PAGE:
The preservation and re-vegetation of Alberta’s boreal forest wetland ecosystems are priorities for oil sands producers whose operations cause surface disturbance to these areas.
Thawed muskeg is soupy and sensitive to disturbances, which makes such areas difficult to access for reclamation activities in the warmer months. Disturbed wetlands often have altered surface water patterns that are inhospitable to some vegetation. This is why many seedlings planted during warm seasons do not survive long-term.
In February 2011, oil sands producers including Nexen, Suncor, Total, Statoil and ConocoPhillips, represented by the Oil Sands Leadership Initiative (OSLI), conducted a winter wetland planting trial in Alberta’s boreal forest. With temperatures hovering between -17C and -25C, the companies planted 900 black spruce trees in a disturbed wetland site south of Grande Prairie. The site was ecologically similar to the forest south of Fort McMurray where many Steam Assisted Gravity Drainage (SAGD) operations are concentrated.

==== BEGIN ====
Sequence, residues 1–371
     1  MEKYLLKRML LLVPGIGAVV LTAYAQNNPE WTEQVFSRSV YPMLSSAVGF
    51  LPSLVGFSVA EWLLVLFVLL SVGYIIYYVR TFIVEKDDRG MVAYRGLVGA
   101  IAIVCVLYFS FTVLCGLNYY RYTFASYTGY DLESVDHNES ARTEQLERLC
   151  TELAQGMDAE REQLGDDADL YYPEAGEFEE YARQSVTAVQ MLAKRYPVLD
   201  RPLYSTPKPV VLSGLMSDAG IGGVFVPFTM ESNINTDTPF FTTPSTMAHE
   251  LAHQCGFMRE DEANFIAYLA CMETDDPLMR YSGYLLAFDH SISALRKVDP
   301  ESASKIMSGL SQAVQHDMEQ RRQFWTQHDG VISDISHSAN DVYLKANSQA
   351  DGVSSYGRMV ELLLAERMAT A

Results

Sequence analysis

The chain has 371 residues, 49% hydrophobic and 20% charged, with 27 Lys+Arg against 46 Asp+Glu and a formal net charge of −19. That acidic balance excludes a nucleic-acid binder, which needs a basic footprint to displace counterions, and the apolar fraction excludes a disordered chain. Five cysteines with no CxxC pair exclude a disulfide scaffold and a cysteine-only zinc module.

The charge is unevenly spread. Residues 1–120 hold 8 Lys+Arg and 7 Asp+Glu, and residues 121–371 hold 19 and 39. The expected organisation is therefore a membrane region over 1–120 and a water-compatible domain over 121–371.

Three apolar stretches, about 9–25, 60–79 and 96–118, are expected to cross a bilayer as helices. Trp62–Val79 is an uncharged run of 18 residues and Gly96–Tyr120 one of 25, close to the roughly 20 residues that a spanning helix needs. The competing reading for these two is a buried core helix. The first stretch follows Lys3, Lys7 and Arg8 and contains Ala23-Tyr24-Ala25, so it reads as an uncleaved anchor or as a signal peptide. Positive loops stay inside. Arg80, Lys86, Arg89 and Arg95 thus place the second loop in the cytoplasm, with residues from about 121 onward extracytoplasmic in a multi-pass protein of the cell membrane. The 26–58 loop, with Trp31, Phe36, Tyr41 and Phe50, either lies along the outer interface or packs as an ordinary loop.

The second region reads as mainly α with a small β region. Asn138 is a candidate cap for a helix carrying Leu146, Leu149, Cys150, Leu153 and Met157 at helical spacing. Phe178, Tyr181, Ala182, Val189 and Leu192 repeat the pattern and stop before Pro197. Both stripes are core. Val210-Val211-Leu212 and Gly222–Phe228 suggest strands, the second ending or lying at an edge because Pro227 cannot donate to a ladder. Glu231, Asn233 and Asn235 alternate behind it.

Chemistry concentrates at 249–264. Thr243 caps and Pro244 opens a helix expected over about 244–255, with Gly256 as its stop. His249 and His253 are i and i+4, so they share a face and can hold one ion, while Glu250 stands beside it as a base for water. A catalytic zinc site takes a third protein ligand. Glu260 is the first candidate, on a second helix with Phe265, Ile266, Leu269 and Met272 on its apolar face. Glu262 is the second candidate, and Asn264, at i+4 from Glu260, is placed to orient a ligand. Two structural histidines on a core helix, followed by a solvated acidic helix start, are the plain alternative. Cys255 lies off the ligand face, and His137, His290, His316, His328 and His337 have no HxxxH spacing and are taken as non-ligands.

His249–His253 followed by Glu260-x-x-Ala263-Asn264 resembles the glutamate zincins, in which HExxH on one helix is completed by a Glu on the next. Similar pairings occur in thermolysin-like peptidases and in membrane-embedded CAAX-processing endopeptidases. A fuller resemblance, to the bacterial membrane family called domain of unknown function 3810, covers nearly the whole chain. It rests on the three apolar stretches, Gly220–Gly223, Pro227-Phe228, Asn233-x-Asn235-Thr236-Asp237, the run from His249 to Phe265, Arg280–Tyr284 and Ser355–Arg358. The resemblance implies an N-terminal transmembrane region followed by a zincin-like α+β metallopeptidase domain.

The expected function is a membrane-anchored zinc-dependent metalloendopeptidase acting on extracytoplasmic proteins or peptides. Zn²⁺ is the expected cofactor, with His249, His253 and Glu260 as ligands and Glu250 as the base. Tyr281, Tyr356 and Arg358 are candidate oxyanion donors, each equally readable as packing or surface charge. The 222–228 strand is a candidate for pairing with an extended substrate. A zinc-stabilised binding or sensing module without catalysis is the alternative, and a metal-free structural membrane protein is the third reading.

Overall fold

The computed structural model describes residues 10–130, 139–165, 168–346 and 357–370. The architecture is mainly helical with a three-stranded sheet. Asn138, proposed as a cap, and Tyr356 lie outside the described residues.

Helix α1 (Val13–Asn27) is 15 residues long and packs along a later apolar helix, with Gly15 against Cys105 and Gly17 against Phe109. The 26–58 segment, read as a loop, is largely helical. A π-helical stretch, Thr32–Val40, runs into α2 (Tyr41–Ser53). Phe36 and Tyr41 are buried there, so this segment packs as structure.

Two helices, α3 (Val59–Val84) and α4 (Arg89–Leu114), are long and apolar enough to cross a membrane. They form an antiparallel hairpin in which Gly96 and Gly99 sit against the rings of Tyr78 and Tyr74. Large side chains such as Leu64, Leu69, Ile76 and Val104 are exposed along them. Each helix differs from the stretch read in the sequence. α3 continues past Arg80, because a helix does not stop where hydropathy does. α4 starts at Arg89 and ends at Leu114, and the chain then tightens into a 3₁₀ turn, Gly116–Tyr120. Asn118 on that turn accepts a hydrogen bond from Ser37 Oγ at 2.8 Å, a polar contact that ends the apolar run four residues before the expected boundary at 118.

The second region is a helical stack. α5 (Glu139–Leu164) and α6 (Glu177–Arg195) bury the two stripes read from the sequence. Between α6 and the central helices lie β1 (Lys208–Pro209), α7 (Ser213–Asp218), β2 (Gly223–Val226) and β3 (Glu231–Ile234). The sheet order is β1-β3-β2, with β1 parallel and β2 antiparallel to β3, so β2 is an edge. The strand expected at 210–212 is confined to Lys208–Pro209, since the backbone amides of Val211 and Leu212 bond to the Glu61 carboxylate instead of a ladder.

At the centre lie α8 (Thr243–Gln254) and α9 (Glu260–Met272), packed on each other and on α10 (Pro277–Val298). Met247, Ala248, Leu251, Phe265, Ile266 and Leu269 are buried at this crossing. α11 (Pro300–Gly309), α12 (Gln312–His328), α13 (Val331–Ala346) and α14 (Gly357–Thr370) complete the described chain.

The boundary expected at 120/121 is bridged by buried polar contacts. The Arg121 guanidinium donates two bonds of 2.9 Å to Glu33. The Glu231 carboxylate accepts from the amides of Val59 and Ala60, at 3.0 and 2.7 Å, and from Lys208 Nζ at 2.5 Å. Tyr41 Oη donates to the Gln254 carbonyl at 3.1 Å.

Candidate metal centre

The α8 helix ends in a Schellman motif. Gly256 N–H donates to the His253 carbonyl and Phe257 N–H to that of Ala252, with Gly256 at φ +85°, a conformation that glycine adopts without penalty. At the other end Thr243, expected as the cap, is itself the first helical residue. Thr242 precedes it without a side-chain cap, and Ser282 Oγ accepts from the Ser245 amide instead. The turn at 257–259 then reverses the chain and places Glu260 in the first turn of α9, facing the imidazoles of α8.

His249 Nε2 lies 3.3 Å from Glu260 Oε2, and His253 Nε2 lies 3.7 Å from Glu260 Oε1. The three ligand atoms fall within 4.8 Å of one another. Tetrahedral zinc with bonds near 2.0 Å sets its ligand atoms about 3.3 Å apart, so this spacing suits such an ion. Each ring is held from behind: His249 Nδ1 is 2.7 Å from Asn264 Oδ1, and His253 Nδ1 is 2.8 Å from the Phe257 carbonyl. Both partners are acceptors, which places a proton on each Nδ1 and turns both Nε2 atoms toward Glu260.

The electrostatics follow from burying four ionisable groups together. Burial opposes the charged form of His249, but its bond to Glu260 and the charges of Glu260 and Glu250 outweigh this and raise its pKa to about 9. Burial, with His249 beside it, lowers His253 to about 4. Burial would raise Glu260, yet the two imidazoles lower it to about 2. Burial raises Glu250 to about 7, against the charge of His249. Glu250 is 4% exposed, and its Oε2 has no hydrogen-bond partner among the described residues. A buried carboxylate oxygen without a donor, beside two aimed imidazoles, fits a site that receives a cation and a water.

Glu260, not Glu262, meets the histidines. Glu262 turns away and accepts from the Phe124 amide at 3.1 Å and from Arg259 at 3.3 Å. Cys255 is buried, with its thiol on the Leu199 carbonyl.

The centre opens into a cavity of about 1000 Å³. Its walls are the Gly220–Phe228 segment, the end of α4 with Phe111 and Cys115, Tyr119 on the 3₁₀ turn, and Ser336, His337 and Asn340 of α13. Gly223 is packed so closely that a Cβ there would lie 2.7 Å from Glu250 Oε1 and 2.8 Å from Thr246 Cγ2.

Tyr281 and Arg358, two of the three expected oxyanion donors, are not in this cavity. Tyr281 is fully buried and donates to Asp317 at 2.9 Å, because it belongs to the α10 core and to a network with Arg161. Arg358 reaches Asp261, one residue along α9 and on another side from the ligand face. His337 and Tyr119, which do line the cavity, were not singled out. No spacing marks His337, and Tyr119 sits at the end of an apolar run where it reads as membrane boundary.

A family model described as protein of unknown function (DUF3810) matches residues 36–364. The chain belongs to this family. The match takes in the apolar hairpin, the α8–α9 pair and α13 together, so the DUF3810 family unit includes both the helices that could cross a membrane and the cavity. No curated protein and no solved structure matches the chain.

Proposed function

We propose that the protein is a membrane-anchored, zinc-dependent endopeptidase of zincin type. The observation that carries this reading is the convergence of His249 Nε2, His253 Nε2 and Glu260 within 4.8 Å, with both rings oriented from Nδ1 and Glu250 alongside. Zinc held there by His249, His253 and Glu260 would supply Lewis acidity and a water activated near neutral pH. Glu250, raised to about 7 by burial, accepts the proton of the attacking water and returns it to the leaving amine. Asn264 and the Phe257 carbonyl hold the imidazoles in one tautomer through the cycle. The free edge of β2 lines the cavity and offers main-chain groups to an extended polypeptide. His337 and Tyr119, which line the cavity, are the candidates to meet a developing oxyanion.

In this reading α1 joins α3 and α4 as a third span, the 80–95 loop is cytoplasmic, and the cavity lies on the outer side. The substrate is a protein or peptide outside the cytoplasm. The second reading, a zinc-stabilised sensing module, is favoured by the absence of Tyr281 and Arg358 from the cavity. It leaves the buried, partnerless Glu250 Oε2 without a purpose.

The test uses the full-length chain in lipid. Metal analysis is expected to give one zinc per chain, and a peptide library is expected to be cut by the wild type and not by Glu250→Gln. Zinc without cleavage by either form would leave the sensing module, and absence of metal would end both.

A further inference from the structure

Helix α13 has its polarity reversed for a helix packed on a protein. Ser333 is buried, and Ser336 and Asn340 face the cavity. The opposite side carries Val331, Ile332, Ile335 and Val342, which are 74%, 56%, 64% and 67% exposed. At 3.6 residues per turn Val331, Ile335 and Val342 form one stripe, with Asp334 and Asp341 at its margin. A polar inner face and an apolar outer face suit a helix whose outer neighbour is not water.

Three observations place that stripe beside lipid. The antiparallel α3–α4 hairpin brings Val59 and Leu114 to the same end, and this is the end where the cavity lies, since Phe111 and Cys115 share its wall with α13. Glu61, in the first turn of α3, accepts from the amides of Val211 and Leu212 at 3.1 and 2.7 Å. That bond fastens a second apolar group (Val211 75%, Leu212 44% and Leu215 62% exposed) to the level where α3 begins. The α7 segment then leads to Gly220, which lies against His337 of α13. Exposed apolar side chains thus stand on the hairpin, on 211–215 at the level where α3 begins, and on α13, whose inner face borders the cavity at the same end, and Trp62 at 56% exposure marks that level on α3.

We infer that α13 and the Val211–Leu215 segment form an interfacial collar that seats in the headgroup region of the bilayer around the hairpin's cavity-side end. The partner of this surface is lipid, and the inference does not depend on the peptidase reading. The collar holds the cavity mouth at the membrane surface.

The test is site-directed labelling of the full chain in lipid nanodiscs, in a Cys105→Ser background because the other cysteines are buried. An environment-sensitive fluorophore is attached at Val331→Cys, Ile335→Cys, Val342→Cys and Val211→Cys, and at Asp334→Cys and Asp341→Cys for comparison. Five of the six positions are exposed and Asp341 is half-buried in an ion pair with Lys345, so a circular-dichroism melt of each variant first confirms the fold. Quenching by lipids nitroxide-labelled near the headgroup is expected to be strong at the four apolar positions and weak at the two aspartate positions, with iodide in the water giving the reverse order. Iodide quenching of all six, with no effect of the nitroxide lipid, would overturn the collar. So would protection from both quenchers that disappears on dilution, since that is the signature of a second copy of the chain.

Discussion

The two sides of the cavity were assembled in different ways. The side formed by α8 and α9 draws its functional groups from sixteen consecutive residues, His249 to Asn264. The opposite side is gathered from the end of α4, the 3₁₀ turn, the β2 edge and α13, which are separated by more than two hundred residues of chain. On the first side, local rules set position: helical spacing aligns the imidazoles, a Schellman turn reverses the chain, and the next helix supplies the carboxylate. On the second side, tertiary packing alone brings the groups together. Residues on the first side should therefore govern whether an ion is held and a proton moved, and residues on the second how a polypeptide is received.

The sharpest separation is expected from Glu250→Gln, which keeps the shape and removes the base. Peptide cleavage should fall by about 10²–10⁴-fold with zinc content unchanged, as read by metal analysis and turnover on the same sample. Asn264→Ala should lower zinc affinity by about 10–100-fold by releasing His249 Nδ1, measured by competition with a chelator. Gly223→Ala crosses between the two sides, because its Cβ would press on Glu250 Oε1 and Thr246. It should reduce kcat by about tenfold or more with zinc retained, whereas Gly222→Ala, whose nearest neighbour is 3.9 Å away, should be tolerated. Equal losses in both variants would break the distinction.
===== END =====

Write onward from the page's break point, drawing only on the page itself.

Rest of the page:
This trial involved planting a non-commercial native species in a wetland area where substantial site preparation was carried out prior to planting. This preparation was undertaken to improve the site’s hydrology, which increased the chance of successful tree growth. Results recorded during summer 2011 indicate that more than 94 per cent of the black spruce trees have survived. The success of this new technique will greatly increase the industry’s ability to reclaim similar ecosystems in the future.